Shirley Ann Grau, Pulitzer Prize-winning author who explored race in the South, dies at 91
Shirley Ann Grau, a Pulitzer Prize-winning fiction writer whose stories and novels told of both the dark secrets and the beauty of the Deep South, has died. She was 91.
Grau died Monday in a New Orleans-area care facility of complications from a stroke, her daughter Nora McAlister said Wednesday.
Grau won the 1965 Pulitzer Prize for her fourth book, “The Keepers of the House.”
“I came home from kindergarten to a house full of reporters and I didn’t know what was going on,” McAlister recalled.
The book drew critical praise but also threatening phone calls for its depiction of a long romance between a wealthy white man and his black housekeeper in rural Alabama.
Grau said Ku Klux Klan members, angry over the book amid the heat of the civil rights movement, tried to burn a cross on her yard in Metairie, a New Orleans suburb.
They apparently forgot to bring a shovel, and couldn’t drive the cross into the ground, so set it on fire flat on the lawn, she said in a 2003 interview.
“It scorched a few feet of grass and it scared the neighbors, but I wasn’t even here. I was at Martha’s Vineyard. It all had kind of a Groucho Marx ending to it,” she said.
Her six novels and four short story collections were all set in the Deep South, from New Orleans to north Louisiana and Alabama.
McAlister said that as a teenager she once wandered into the kitchen of their summer home on Martha’s Vineyard and found her mother chopping vegetables and talking — apparently to nobody.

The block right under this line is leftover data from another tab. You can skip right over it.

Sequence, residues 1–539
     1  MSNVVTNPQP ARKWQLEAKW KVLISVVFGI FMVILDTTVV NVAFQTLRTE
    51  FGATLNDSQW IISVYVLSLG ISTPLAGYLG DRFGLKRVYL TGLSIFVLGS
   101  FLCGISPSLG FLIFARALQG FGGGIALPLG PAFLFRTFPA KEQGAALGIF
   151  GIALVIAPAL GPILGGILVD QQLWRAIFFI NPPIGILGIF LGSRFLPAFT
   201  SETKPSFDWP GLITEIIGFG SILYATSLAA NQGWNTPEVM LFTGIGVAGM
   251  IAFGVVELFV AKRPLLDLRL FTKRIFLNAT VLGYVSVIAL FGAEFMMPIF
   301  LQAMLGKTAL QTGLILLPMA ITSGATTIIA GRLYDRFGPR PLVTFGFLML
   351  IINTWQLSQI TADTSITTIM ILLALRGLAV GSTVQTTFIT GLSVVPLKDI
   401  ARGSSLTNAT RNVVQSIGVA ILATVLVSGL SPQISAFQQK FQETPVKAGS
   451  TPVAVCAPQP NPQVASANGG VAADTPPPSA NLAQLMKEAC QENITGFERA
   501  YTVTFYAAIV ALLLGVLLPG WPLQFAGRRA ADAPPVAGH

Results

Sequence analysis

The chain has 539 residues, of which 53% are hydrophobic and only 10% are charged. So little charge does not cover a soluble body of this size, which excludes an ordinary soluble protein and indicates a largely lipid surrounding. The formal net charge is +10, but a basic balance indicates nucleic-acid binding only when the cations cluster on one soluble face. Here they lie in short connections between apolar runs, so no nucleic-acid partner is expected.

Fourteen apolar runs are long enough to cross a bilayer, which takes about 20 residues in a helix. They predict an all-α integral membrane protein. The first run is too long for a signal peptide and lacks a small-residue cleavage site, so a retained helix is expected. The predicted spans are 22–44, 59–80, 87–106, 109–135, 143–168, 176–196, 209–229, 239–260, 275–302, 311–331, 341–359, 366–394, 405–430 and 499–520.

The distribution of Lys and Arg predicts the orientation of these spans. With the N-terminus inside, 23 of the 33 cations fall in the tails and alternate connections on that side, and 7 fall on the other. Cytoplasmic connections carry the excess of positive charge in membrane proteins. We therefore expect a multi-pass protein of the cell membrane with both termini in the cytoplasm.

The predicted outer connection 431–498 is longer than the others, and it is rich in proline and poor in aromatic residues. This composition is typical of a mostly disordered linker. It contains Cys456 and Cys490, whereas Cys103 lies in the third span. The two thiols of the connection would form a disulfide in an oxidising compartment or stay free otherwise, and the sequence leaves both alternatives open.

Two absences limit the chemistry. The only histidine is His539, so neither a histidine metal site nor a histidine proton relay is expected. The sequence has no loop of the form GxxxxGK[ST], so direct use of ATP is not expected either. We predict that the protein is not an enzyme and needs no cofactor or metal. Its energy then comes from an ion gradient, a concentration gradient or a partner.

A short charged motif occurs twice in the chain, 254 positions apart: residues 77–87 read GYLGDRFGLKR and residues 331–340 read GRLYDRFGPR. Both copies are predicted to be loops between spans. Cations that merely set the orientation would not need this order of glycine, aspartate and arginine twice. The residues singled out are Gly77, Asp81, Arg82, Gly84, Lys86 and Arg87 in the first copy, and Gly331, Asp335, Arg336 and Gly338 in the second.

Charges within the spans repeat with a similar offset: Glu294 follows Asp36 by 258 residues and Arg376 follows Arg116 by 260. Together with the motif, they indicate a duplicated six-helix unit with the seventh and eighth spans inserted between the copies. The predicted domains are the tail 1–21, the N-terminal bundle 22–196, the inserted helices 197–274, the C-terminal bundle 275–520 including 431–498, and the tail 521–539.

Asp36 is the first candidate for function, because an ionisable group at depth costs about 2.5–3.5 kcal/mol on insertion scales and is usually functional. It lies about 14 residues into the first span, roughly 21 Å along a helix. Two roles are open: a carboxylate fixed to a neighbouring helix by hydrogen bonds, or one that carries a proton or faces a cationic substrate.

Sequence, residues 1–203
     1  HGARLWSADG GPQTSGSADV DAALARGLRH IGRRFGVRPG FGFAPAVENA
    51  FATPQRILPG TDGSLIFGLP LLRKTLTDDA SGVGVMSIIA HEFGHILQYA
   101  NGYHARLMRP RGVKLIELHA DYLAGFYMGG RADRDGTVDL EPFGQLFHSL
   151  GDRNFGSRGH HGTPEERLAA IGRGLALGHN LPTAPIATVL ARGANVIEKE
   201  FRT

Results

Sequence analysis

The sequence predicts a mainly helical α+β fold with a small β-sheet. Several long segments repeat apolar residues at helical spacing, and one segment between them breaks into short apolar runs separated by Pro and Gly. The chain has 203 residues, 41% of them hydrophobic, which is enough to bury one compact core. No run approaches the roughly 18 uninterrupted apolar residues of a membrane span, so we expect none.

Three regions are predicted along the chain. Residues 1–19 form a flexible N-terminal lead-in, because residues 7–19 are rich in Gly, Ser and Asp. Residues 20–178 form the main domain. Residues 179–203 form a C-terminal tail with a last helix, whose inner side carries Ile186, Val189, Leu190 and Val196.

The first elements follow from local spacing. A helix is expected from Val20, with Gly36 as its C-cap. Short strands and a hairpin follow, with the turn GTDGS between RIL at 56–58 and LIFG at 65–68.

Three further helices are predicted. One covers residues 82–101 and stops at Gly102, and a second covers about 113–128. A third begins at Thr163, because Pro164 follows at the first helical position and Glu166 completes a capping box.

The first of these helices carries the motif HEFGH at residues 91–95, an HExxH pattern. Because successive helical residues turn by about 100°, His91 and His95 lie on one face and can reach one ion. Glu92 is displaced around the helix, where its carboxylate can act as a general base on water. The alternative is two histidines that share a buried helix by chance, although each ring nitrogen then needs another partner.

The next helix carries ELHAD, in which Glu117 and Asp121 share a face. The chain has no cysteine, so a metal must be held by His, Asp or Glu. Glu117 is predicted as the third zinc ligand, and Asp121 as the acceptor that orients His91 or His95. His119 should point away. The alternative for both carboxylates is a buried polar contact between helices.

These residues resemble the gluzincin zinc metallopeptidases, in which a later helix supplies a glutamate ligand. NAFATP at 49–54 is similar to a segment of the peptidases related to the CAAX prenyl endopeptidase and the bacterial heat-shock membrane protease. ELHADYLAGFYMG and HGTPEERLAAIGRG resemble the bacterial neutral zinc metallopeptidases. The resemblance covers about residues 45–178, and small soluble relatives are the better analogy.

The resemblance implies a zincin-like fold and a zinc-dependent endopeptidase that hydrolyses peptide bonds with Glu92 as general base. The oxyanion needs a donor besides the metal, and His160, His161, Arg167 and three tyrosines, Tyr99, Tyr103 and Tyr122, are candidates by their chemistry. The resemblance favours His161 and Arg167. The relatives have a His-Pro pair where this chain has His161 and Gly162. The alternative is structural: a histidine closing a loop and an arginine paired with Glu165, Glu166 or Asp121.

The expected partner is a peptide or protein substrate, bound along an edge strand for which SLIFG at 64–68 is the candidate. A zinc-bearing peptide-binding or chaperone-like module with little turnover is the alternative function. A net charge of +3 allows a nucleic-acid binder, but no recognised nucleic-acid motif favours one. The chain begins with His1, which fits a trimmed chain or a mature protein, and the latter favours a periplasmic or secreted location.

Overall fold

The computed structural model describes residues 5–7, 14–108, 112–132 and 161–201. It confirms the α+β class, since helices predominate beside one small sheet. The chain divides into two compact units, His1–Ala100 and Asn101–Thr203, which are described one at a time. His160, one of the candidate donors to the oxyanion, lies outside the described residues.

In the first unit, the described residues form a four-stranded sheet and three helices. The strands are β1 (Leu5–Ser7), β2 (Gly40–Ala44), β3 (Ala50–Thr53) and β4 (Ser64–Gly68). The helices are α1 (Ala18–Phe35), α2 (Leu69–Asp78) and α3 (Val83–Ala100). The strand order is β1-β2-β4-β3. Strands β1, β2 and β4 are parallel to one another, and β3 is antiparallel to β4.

Startled, McAlister asked what her mother was doing. Grau replied, “My characters are talking. I’m working out dialogue.”
That “made perfect sense to me and I now understood what my mother was doing. She was working,” McAlister said.
Author Kurt Vonnegut came to lunch in Metairie and publisher Alfred Knopf Sr. came to dinner. Cocktail party guests at Martha’s Vineyard included New York Times sportswriter Red Smith, painter Thomas Hart Benton and opera star Beverly Sills.
“It was fun to be the waitress at those cocktail parties,” McAlister recalled.
Grau was born July 8, 1929, in New Orleans and grew up in Mobile, Ala., the daughter of a physician. In the 2003 interview, she recalled that she was fascinated as a child with Greek and Latin, but also loved roaming the woods. Critics would later note in her fiction meticulous descriptions of flowers, plants and trees.
Grau attended a private high school in New Orleans, then Tulane University’s Newcomb College. She said she pondered careers as a classics professor or lawyer, but found sexism too pervasive in academia and the law.
She settled on writing instead, and her first book, “The Black Prince and Other Stories,” was published in 1954, when she was 26.
Critics often pointed to the short stories for praise, and the author said she agreed with the assessment.
“The only unfortunate thing about Grau’s stories is precisely that they are short — each is a glimpse of landscapes both interior and exterior that ends too soon,” said a brief 2003 New York Times review of “Collected Stories.”
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Grau said she had little interest in what was written about her work and grew tired of both the label “Southern woman writer” and the frequent comparisons of her work to that of fellow Southerner Flannery O’Connor.
Many of Grau’s stories deal with sudden, unexplained events and their aftermath. “The Hunter” tells of what happens to a woman who miraculously survives a small-plane crash. “The Man Outdoors” is about what happens to a family when the father moves out, then disappears completely, after having a vision that’s never explained.
Grau’s husband, James Kern Feibleman, a businessman and chairman of Tulane’s philosophy department, died in 1987 at 83.
In addition to McAlister, Grau is survived by daughter Katherine F. Mine, sons Ian and William, and six grandchildren.
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